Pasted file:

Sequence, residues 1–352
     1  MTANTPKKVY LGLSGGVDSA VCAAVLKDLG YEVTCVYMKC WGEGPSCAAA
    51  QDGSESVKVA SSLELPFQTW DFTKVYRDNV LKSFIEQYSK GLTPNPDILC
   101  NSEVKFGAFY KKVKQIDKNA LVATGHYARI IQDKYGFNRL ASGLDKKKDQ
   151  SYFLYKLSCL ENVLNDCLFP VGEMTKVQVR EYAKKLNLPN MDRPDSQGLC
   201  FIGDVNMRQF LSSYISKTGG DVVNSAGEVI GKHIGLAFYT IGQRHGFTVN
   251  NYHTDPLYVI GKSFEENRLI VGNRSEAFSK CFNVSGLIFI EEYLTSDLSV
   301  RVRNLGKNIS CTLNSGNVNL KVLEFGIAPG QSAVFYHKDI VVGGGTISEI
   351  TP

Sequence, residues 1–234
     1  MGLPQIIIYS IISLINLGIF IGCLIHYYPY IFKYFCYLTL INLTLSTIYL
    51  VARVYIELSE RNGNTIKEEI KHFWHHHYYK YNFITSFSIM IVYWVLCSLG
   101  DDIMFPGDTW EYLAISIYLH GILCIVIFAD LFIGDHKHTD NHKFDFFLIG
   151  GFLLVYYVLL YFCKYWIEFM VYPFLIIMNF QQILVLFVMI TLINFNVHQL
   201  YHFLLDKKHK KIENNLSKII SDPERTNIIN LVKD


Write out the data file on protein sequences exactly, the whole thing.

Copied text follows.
Sequence, residues 1–352
     1  MTANTPKKVY LGLSGGVDSA VCAAVLKDLG YEVTCVYMKC WGEGPSCAAA
    51  QDGSESVKVA SSLELPFQTW DFTKVYRDNV LKSFIEQYSK GLTPNPDILC
   101  NSEVKFGAFY KKVKQIDKNA LVATGHYARI IQDKYGFNRL ASGLDKKKDQ
   151  SYFLYKLSCL ENVLNDCLFP VGEMTKVQVR EYAKKLNLPN MDRPDSQGLC
   201  FIGDVNMRQF LSSYISKTGG DVVNSAGEVI GKHIGLAFYT IGQRHGFTVN
   251  NYHTDPLYVI GKSFEENRLI VGNRSEAFSK CFNVSGLIFI EEYLTSDLSV
   301  RVRNLGKNIS CTLNSGNVNL KVLEFGIAPG QSAVFYHKDI VVGGGTISEI
   351  TP

Sequence, residues 1–234
     1  MGLPQIIIYS IISLINLGIF IGCLIHYYPY IFKYFCYLTL INLTLSTIYL
    51  VARVYIELSE RNGNTIKEEI KHFWHHHYYK YNFITSFSIM IVYWVLCSLG
   101  DDIMFPGDTW EYLAISIYLH GILCIVIFAD LFIGDHKHTD NHKFDFFLIG
   151  GFLLVYYVLL YFCKYWIEFM VYPFLIIMNF QQILVLFVMI TLINFNVHQL
   201  YHFLLDKKHK KIENNLSKII SDPERTNIIN LVKD